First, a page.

Filed under: Sedan , Technology , Toyota , Electric , Emissions Is there some rule that all cutting-edge, ultra-efficient or emissions-free vehicles need to look, uh, weird? No? Then would anyone care to explain the Toyota Mirai , a vehicle that for all it’s hugely, wildly promising technology, will forever be pigeonholed based on its odd styling? Looks aside, the Mirai represents a big gamble for Toyota , which isn’t only selling a hydrogen-powered car – a risky venture in itself – but teaming up with Air Liquide to build 12 hydrogen filling stations across the northeast . And once that’s done, it plans on leasing the $57,000 sedans for just $499 month , a figure that includes free hydrogen ( there is a reason for that, though ). Like we said, this is a big gamble. Of course, we still can’t get over its looks, which you can more closely analyze in our live gallery , available above. Have a glance. Continue reading Toyota Mirai offers promising tech, unfortunate looks Toyota Mirai offers promising tech, unfortunate looks originally appeared on Autoblog on Thu, 20 Nov 2014 19:42:00 EST. Please see our terms for use of feeds .
Filed under: Hybrid , Toyota , Tesla , Electric Four months have passed since Toyota ended its relationship with Tesla Motors , in which the electric-vehicle specialist supplied full lithium-ion battery packs to the Japanese behemoth for its RAV4 EV rollout, of which 2,500 vehicles will be completed. Now, Tesla founder and CEO Elon Musk has been heard suggesting that a future collaboration is likely within the next two to three years, and that it will probably be much larger than the last one. Both Tesla and Toyota have sung each other’s praises in the not-too-distant past, Toyota telling Autoblog back in May, “We have a good relationship with Tesla and will evaluate the feasibility of working together on future projects.” According to Automotive News , Musk said of the Japanese giant , “We love working with Toyota… We have a huge amount of respect for them as a company and certainly much to learn.” Interestingly, though, the two automakers have rather divergent strategies for eco-friendly automobiles. Toyota, as you’re surely aware, is the clear-cut leader in hybrids and has thrown its massive support in the direction of hydrogen fuel cells, while Tesla has invested heavily in battery-electric technology and high-speed charging stations. Still, both hybrids and fuel cell vehicles still require battery packs, albeit ones smaller than pure EVs, so it’s not an off-the-wall suggestion that Toyota could work with Tesla in the coming years on such diverse products. For the time being, Toyota has responded that it has “nothing to say” about Musk’s suggestions of future collaboration. Tesla expects another higher-volume deal with Toyota in next few years originally appeared on Autoblog on Tue, 09 Sep 2014 11:33:00 EST. Please see our terms for use of feeds . Permalink
Filed under: Hybrid , Sedan , Japan , Plants/Manufacturing , Toyota Toyota’s hydrogen fuel cell vehicle will be in showrooms sooner than planned, the Japan Times reporting that production will commence in mid-December with the sedan following “by the end of this year.” No reason was given for the new timeline; Toyota has been saying all along that we’d see it in 2015. The company is said to be “considering” production volume of “dozens of… vehicles per month” at a “likely” price of eight million yen, which is $78,030 US. That is well in line with the numbers thrown around last year, when the target was somewhere between $50,000 and $100,000 . Then late last year, during our first drive of the FCHV mule , we wrote that “the official quote… [is] that a price of ‘less than 10 million yen is ideal.'” That alleged $78K is a sizable sum to be one of the early adopters on the hydrogen fuel cell wagon train, but with things moving around so much – and with Toyota publicly citing hydrogen fuel cells as the future – there’s plenty of reason to be cautious about that number. Toyota to start production of hydrogen vehicles in December originally appeared on Autoblog on Sun, 08 Jun 2014 09:01:00 EST. Please see our terms for use of feeds . Permalink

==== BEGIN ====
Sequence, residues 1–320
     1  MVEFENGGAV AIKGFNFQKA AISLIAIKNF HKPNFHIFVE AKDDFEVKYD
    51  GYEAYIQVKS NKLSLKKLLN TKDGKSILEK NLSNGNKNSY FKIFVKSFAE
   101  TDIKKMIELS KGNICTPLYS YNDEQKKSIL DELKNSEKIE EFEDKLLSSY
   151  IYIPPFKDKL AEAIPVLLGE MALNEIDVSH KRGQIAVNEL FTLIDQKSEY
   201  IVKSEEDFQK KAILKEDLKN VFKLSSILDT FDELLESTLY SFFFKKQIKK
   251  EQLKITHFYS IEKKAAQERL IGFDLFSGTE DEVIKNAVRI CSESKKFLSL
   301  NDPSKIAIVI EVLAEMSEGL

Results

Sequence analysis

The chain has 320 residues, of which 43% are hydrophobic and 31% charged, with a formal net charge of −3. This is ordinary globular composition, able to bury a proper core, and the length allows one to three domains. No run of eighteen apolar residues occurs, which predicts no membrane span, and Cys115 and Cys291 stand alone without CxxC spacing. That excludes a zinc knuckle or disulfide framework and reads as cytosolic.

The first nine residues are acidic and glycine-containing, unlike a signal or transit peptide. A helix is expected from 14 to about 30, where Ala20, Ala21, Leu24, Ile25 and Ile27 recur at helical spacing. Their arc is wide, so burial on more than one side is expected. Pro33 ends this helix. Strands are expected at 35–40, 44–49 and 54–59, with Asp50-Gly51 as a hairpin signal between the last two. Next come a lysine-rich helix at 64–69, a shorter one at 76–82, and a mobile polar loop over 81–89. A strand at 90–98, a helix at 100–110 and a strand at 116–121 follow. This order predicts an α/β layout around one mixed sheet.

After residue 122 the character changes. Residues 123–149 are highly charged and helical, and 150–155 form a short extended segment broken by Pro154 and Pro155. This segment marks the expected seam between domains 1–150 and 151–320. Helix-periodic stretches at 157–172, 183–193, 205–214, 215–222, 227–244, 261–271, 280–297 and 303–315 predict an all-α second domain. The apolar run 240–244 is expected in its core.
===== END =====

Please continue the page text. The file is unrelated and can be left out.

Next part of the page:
Filed under: Technology , Toyota While the cost of building a hydrogen fuel cell vehicle continues to go down over time, reports over the last few years have steadily maintained that the first Toyota hydrogen-powered vehicles for customers should ring up for around $50,000. Company officials cited this figure way back in 2010 , and have reiterated it in subsequent years. So, while a recent Automotive News report about the cost of Toyota’s 2015 Hydrogen car doesn’t offer up any new figures, it does offer an interesting pricing wrinkle. According to the report, the “cost factor” for the hydrogen vehicles will be in the $50k ballpark, meaning the retail price could be anywhere from there, up to as much as around $100,000. While certainly not inexpensive, being able to produce a hydrogen fuel cell vehicle for fifty large is a pretty massive improvement over the prototype cost of a few years ago, when the sticker was about $1 million a pop. While these very expensive prototypes are based on previous-generation Highlanders (pictured above), we’re told to expect that the final product will be a lot more in line with the Prius , as far as size and shape. Toyota’s production fuel cell car to cost between $50-100k originally appeared on Autoblog on Fri, 03 May 2013 08:45:00 EST. Please see our terms for use of feeds . Permalink